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So, Boris Johnson has come out in support of Jacob Rees-Mogg! The fireworks have started!
The Foreign Secretary, Boris Johnson, has come out in support of the embattled head of the Tory European Research Group, Jacob Rees-Mogg, after the Moggster was rounded on by fellow MPs for hectoring the Prime Minister.
Boris Tweeted out in defence of his Brexiteer colleague saying:
"It's vital that all MPs are able to air their views on Brexit. Whatever your position, I hope we can all agree that @Jacob_Rees_Mogg is a principled and dedicated MP who wants the best for our country."
The Sun does point out that it seems strange for Tory MPs to be giving the Moggster a hard time, when all he was doing was insisting that the PM stuck to both the promises she had made and the 2017 Conservative Manifesto under which they all stood at the last General Election.
In fact, shouldn't all those Tory MPs who gave Jacob a hard time be the ones taking the flak for basically asking, albeit in a roundabout fashion, that Theresa May crosses a couple of her red-lines? After all, that does seem to be what some of Mogg's detractors are implying she do.
And Jacob Rees-Mogg told Julia Hartley-Brewer on talkRadio that the two main players trying to water down Brexit are the Business Secretary, Greg Clark and the Philip Hammond's Treasury.
So, it's only Tuesday and the handbags are already in full swing, well before the Chequers showdown on Friday – and this showdown has been dubbed 'the Bodybag Summit'.
It will be interesting to see how many bodybags there are and who is in them.
Especially as the Chancellor has just announced at Treasury questions that he will be at Chequers spelling out to his fellow ministers exactly how much each of the options will cost – and this has many thinking he will use the information to push for a soft Brexit.
And of course these reports will be put together by the same people using the same methodologies that gave us the previous now discredited impact statements.
And for all those that want Rees-Mogg as the next PM to see Brexit through properly, he said in his latest podcast that his party usually elected a former cabinet minister from the top three posts of Chancellor, Foreign Secretary or Home Secretary. He also said that as a Catholic he is eligible to become Pope but that:
"I'm very unlikely to be the next pope and I'm very unlikely to be the next prime minister, for exactly the same reason. Though technically eligible, it is not the way history will go."
Now one report that doesn't seem to have received much attention is a paragraph in the Telegraph saying that it has come out that the PM has signed an EU Council document that would allow the UK to keep its MEPs and stay in the EU should our withdrawal be extended past March the 29th 2019.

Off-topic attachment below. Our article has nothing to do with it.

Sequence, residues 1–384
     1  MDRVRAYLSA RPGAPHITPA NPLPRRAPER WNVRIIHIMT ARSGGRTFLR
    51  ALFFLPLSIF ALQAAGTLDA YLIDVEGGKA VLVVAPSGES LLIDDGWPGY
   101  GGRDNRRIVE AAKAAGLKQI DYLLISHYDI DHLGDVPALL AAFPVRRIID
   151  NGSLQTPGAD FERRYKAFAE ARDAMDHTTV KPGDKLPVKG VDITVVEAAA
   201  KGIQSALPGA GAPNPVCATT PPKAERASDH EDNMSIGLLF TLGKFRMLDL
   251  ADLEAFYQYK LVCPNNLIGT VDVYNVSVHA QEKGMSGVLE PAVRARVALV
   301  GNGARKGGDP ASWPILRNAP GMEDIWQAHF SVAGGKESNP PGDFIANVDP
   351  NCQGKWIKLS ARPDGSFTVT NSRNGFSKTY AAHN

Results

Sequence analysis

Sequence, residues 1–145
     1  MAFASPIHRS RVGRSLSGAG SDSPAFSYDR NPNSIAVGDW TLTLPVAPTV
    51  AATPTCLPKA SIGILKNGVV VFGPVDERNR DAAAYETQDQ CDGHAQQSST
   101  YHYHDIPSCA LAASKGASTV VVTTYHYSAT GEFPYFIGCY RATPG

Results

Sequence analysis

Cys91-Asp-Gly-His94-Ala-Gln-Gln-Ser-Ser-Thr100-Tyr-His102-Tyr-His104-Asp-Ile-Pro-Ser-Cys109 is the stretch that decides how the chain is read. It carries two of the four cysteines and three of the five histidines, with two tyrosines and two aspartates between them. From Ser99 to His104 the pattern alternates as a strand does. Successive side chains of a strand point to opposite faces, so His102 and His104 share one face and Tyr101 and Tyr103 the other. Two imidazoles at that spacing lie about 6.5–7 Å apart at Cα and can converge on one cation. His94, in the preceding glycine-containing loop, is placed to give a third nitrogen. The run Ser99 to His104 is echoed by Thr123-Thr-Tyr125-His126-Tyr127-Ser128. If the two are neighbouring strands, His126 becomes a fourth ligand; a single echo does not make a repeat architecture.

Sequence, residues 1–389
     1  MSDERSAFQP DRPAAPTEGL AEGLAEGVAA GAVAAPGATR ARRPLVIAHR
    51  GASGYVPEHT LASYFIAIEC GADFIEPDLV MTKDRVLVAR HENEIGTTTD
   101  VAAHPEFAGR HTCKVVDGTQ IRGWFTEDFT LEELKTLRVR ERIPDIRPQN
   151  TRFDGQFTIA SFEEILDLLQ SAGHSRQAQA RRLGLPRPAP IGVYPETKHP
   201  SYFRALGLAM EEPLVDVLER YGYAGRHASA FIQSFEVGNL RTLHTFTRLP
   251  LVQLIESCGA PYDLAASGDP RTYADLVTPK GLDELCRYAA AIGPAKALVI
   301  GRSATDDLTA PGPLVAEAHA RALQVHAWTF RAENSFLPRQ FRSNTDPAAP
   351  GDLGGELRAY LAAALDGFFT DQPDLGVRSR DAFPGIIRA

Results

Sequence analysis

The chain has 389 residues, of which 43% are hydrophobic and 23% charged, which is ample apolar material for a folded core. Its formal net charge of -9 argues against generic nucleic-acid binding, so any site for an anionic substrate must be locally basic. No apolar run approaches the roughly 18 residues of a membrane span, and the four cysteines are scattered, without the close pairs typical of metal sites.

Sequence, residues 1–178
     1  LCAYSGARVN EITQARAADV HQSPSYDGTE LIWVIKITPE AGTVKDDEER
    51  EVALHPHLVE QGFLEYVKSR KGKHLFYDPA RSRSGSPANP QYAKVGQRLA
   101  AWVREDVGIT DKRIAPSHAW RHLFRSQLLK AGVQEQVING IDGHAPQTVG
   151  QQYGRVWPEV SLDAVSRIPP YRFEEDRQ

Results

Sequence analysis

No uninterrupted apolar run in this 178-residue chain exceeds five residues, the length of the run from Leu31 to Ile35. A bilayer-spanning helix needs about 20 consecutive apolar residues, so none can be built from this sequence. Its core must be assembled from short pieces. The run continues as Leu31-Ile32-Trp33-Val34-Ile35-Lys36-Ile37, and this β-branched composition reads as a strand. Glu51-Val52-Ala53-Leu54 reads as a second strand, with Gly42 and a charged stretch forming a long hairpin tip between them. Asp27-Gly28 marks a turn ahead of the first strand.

Now, if Brexit means Brexit and that we are leaving the customs union and single market as well as extracting ourselves from the clutches of the European Court of Justice on that day, then why the need to sign such a document?
Also, to have any legal weight that letter would surely need to be backed up by the unanimous agreement of the EU Council to extend the Article 50 negotiation phase.
Has that decision been taken behind closed doors somewhere, by EU member state leaders without the knowledge of all their parliaments, as well our own? Well, wouldn't surprise me.
This document is not required and sends out exactly the wrong signal at exactly the wrong time!
Now let's put some of this no-deal Brexit queues at ports scare-mongering nonsense to bed shall we.
Writing in Brexit Central, professor David Collins who is an expert in International Economic Law, says all such claims completely ignore the rights the UK is entitled to as a member of the World Trade Organisation (WTO).
And as the EU is also a member of the WTO it is bound by its rules, which say that members need to have proper reasons based on such things as hygiene and safety to stop imports.
Basically, all the claims that UK goods will suddenly come under intense scrutiny lorryload by lorryload as they try to enter the EU are implausible because the EU would have no justifiable reason for doing so. Especially as we are maintaining the same standards immediately after Brexit Day. And if we do change our standards over time, they would have to fall so low so as to ignore consumer safety to justify the extra checks.
In fact Professor Collins says that there is a new Trade Facilitation Agreement that says WTO members should minimise customs problems through the use of technology – now where have we heard that before. And thus he says:
"The new UK-EU border must adhere to this high standard of frictionless transit precisely for the purpose of avoiding long delays caused by needless red tape of the kind we have been told to fear."
And his reference to the WTO courts being very effective in forcing compliance should be music to any Brexiteer's ears.
This is an excellent article and I ask you all to nip over to Brexit Central and have a read. I've left a link to the article in the description box below.